Apple Archive

It Doesn't Get Any Worse

- 2001.03.09

It seems as if everyone who works on computers has some bad/good/difficult upgrade and repair stories. I always find these stories interesting to read. Here a few of my own for your reading pleasure.

The Mac II that wouldn't stop freezing

I got a used Mac II about a year ago. It was 4/40 and had an 800K disk drive. It must have been expensive when new. [Probably over $6,000. ed] Mac IIAnyway, I first booted it up, and it ran System 6. I opened the hard drive to look around to see what the previous owners had left me. Lots of stuff, including a MacWrite II document that said, "This Mac II has problems - it keeps locking up - please get it replaced" written to someone in a school somewhere.

"Funny, it hasn't crashed for me, yet," I thought. File: Quit. Freeze. I restarted it. It wouldn't finish booting. It got to the happy Mac and froze. Again. Got to the box for Welcome to Macintosh and froze.

Now I was really ticked off. Must be a bad system, I thought. I booted from a floppy disk and managed to install System 7.0. I restarted it. It booted to the desktop and seemed to work okay - until I opened a folder. Freeze. I restarted. It froze at the gray screen. "Bong." "Welcome to Macintosh." Freeze. "Bong." Freeze.

This thing was driving me nuts. I ran an old hardware tester called Snooper. It said that there were no problems. Fine. "File: Quit" Freeze.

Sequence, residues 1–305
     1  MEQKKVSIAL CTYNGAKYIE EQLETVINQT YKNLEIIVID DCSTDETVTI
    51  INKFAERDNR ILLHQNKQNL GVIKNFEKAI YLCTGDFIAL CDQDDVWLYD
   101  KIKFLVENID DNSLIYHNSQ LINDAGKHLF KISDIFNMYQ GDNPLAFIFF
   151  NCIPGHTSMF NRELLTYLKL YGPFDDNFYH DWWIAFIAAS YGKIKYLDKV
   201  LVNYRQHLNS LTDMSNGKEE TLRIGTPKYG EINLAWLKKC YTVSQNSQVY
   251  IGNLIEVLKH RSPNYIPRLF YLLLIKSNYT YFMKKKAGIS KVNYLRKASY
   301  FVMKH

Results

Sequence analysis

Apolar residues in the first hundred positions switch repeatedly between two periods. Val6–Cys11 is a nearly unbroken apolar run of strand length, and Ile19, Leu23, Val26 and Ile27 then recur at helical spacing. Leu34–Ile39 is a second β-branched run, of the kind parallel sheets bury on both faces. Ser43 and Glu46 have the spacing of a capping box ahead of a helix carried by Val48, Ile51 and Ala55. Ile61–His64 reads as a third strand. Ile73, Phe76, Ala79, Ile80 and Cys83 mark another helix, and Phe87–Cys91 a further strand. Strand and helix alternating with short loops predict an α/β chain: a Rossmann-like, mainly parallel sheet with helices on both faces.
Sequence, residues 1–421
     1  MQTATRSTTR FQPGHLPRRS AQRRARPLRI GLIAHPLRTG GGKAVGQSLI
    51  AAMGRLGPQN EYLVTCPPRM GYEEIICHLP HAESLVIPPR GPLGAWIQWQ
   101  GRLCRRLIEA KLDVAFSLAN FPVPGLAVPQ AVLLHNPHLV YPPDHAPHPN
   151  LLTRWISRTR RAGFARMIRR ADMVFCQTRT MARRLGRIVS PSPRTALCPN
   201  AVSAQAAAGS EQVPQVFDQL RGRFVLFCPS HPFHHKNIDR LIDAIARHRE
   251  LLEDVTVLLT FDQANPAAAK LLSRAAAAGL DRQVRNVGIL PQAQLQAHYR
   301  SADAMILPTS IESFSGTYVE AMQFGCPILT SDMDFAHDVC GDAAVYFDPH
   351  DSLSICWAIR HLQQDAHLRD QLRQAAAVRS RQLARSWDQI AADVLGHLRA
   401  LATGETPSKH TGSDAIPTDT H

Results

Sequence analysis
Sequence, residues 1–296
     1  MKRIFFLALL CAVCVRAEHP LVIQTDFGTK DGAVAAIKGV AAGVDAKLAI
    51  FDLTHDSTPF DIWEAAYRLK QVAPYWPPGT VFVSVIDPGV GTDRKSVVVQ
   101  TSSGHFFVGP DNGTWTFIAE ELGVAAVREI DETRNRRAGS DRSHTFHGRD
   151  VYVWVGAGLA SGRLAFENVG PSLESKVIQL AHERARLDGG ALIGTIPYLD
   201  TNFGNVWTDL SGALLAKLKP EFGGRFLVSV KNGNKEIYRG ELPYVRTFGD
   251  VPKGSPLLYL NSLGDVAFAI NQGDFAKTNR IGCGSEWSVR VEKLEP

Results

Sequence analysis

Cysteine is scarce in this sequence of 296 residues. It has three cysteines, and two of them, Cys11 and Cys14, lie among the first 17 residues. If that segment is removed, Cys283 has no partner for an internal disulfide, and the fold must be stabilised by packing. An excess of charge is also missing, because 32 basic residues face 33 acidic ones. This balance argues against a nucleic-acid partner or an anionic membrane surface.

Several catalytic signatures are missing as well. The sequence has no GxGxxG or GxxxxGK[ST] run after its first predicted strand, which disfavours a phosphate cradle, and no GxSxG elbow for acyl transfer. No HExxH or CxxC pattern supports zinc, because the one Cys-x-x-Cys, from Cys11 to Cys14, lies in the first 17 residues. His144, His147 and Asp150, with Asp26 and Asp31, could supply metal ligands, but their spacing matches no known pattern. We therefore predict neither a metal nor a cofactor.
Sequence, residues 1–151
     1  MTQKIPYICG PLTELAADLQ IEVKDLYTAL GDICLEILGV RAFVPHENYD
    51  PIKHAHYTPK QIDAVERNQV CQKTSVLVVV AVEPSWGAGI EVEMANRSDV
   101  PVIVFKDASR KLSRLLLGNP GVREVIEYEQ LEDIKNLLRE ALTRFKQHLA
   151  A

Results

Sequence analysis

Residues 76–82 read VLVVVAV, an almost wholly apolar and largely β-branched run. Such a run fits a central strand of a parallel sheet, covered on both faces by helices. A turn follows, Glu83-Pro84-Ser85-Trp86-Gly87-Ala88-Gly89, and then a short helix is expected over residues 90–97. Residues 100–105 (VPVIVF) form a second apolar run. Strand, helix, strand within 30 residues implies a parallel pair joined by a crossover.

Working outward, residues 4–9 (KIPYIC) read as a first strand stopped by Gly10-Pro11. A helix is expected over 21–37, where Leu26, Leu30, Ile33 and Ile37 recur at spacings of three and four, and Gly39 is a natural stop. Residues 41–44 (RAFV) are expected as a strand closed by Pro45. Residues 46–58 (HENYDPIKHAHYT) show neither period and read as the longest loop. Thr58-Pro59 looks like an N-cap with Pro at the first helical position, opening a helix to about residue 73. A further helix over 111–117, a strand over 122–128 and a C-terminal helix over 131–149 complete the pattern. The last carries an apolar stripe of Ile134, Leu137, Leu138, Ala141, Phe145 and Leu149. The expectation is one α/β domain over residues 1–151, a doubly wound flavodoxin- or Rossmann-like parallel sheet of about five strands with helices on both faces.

Maybe more RAM would help. I installed four 1 MB SIMMs for a total of 8 MB. "Bong."

About this Macintosh said I had 4 MB. Funny. I restarted. "Bong." "Da-de-da-da."

I reseated the RAM. Same thing. I removed it, and the machine worked. OK, I will live with 4 MB.

I connected a CD-ROM to install some software on the 40 MB hard disk. Every time I tried to copy a folder, it froze. Finally I got Netscape, ClarisWorks, and a few other things installed. At this point it had grown so unstable that I couldn't boot it without it locking up during the first few seconds. I shut it down and went back to it later. This time it ran for about a half hour, then - freeze.

And these weren't small lockups, they were big ones. The screen would get lines in it, the cursor would leave its trail on the screen, or the windows wouldn't be completely drawn when this would happen. Very strange.

I tried a new video card next. That didn't help at all. I tried another power supply. That didn't help. I tested the logic board with Snooper several more times. No problems found.

I finally ended up pulling it apart completely and taking the parts out of it for use in other machines. I never could figure out what was wrong with it, although I am assuming it was a logic board problem that Snooper couldn't detect.

The corrupted hard drive project

I wanted a nice inexpensive PowerPC machine, and I saw something on eBay that I thought fit the description. So, after spending the small sum of $30, I got a Performa 6205CD that was said to be working but needing a new system. I got it in the mail the next week, and I booted it. Blinking question mark. Fine, just needs the system software.

I tried booting from a CD-ROM. Nothing. I tried another system CD. Nothing. Fine, just needs a new CD-ROM. This time I took out the CD-ROM and replaced it with one that worked, although it was a slow one. It booted with my System 7.6 CD. The Performa had 8 MB of RAM. Okay, just needs a bit more RAM.

I ran Drive Setup to find the hard disk. It found nothing. There was a drive in there, the original 1 GB Quantum, but I realized it wasn't spinning up. At this point I was annoyed - the whole system was going to cost me more than it was worth, or so I thought.